We reran Hippa et al.'s (2005) phylogenetic analysis of the relationships among manotine genera only to verify the position of the new species in Eumanota, using the same dataset and all their terminals and Eumanota wolffae. Analyses were performed using TNT (Goloboff et al., 2008), with all characters unordered and equal weight and implied weighting with k = 3, 10000 trees retained in memory, random seed 0, 1000 replicates, and TBR saving 10 trees for interaction.

Eumanota Edwards, 1933

  • Eumanota Edwards, 1933: 231. Type species: Eumanota leucura Edwards, 1933, by original designation. Søli, 2002: 46-52, Papp, 2004: 228-232, Hippa et al., 2005: 410-414.

  • Amended Diagnosis (modified from Søli, 2002): A row of strong bristles around hind margin of eyes. Three ocelli in straight line, median ocellus about half the diameter of lateral ones. Four palpomeres visible; palpomere 1 lost or fused to palpomere 2; palpomere 3 large, triangular, projected beyond insertion of palpomere 4, with a deep, conspicuous sensory pit; palpomere 5 from 4–6× longer than palpomere 4. Scutum densely clothed with minute setae, no defined acrostichals, a single row of dorsocentrals on posterior half, some stronger supraalars. Basisternum shieldlike, with setae at least laterally. Anepisternum setose; mesepimeron bare; laterotergite ovate, bulging, setose; mediotergite, metepisternum, and metepimeron bare. Wing membrane either clear or darkened at distal half, at least posterior half with dorsal macrotrichia on membrane. C extends well beyond apex of R5. Sc typically short, ending in bR; R1 shorter or only slightly longer than r-m; r-m longitudinal. M1+2 less than half r-m length, basal most part of M1 weakly sclerotized. M4 separated from CuA at base of wing. Tibiae and tarsomeres with trichia arranged in regular rows. Spurs well developed.

  • Comments. Some adjustment of the original diagnosis was necessary to include this new Neotropical species. Most features referred to as diagnostic for the Oriental/Australasian species of Eumanota (but not all) are also present in the Neotropical species (exceptions are discussed below). In E. wolffae, sp. nov., the hind tibia does not have a sensory groove and the female clearly has a two segmented cercus.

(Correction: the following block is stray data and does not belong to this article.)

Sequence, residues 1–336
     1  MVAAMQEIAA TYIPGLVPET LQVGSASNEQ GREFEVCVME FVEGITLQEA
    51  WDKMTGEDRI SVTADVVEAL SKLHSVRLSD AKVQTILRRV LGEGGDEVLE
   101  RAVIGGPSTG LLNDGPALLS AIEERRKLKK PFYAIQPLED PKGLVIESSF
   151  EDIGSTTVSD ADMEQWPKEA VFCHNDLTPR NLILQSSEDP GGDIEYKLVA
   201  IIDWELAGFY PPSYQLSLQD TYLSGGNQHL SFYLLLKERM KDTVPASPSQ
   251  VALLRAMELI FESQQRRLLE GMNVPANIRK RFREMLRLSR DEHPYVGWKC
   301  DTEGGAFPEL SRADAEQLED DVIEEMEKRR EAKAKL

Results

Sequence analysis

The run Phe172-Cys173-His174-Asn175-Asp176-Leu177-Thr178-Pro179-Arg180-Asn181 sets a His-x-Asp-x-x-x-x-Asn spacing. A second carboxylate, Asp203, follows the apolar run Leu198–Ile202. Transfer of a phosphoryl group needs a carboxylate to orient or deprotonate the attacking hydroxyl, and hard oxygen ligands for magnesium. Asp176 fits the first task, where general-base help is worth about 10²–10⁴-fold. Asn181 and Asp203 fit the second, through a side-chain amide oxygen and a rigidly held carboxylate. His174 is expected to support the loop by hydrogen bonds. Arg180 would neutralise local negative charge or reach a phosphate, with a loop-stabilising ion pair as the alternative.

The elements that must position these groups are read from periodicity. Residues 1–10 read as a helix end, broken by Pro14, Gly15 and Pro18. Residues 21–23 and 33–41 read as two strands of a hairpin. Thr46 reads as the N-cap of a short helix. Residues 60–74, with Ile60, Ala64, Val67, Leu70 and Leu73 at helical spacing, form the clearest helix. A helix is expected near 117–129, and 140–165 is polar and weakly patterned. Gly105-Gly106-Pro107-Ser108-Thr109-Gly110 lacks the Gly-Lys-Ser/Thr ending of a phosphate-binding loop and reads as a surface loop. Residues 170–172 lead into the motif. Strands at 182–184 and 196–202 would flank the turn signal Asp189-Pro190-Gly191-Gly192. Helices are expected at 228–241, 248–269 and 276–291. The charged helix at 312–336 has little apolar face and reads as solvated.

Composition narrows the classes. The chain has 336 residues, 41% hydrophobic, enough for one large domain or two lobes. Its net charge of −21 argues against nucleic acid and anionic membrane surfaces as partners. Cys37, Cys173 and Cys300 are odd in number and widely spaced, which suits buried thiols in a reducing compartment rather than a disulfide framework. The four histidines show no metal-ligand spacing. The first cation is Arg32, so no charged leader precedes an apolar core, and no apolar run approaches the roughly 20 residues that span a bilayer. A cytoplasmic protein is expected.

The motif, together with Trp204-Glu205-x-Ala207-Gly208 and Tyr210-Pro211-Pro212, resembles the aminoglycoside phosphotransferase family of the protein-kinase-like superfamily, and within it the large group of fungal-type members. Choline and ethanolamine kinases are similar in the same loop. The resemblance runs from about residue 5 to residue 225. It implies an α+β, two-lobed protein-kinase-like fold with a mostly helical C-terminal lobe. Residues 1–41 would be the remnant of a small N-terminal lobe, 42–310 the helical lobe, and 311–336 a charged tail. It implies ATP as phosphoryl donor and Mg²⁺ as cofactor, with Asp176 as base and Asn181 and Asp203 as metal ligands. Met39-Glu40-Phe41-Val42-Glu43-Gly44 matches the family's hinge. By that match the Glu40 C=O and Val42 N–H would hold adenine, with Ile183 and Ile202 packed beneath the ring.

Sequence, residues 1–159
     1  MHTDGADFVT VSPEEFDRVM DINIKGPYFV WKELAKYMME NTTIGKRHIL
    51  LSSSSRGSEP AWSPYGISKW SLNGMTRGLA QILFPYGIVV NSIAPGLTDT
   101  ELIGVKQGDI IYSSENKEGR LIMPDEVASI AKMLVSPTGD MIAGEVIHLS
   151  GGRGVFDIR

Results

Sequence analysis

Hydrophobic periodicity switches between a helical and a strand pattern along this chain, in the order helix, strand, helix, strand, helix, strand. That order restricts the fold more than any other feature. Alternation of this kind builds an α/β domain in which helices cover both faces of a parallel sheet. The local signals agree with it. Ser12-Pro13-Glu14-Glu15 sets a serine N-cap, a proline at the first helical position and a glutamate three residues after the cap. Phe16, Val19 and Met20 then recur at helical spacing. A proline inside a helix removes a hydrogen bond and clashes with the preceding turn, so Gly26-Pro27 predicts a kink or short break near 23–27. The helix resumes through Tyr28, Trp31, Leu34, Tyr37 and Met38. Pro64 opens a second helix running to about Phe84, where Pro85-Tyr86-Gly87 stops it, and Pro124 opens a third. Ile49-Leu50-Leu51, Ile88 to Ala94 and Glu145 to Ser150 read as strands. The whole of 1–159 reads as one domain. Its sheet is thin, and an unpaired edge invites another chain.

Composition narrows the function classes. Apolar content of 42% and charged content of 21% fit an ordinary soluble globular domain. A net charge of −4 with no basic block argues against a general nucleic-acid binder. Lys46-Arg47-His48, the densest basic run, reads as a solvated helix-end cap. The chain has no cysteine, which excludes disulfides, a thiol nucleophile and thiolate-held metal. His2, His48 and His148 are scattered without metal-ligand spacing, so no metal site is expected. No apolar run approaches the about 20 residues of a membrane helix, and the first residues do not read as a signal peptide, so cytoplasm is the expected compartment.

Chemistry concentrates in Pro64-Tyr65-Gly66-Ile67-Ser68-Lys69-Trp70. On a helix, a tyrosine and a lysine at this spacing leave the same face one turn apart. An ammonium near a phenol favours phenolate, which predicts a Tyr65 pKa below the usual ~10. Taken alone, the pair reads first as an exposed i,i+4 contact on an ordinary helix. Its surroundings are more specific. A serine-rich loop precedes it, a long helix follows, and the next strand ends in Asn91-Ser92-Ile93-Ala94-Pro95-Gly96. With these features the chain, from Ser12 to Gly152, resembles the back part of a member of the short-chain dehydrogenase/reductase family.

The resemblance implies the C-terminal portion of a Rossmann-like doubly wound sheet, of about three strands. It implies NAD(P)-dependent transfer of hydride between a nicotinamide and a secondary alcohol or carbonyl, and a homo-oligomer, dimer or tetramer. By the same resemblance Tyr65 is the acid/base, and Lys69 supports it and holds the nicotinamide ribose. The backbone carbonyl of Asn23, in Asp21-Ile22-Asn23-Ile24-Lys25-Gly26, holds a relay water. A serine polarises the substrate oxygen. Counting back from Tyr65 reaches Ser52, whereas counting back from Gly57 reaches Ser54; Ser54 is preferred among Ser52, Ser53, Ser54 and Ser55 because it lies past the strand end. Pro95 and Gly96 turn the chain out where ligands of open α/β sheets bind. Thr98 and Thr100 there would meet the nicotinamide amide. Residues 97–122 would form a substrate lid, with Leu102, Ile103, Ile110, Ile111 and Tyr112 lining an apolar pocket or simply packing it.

• Eumanota wolffae , sp. nov.
    Figures 15

  • Material examined: Holotype male, Colombia, Antioquia, Yarumal, Vereda El Respaldo, Farm La Maruja, 6°55′ 05″N, 75°24′48″W, Malaise trap, Bosque, 2,300 m, 15.Dec.2016, C.H.-Sepúlveda and J. Medina cols. (CEUA) (in ethanol). Paratypes. 1 male, same data as for holotype (CEUA); 1 female, Colombia, Antioquia, Envigado, Loma del Escobero, Parcelación Nubarrones, 6°13′97″N, 75°55′54″W, Malaise trap, Bosque, 29.Jan.–11.Feb.2017, M. Wolff and C. H.-Sepúlveda cols. (CEUA) (in ethanol); 1 male, Colombia, Antioquia, Envigado, Loma del Escobero, Parcelación Nubarrones, 06°08′23″N, 75°33′14″W, Malaise trap, Bosque, 25.Sept.–01.Oct.2017, M. Wolff and C. H-Sepúlveda cols. (MZUSP) (on a slide-mount).

  • Diagnosis. Maculation on distal third of wing and over distal part of CuA (fig. 2E). Body mostly brown, with light brown to cream areas on sides of scutum, anterior half of thoracic pleura, coxae, and sternites 1–6. Female terminalia with two-segmented cercus (fig. 5A, B). Each gonocoxite with two distal projections, one lateral and one ventral, distal lateral projection with a megaseta on inner face; gonostylus small, well sclerotized, slightly asymmetric, tapering to apex, with an irregular indentation near tip, and a pair of straight megasetae on ventral face; gonocoxal bridge with setae; T9 with a pair of well-developed megasetae on inner face, tergite 9 elongate trapezoid; cercus projecting from distal margin of tergite 9 (figs. 3A, 4C).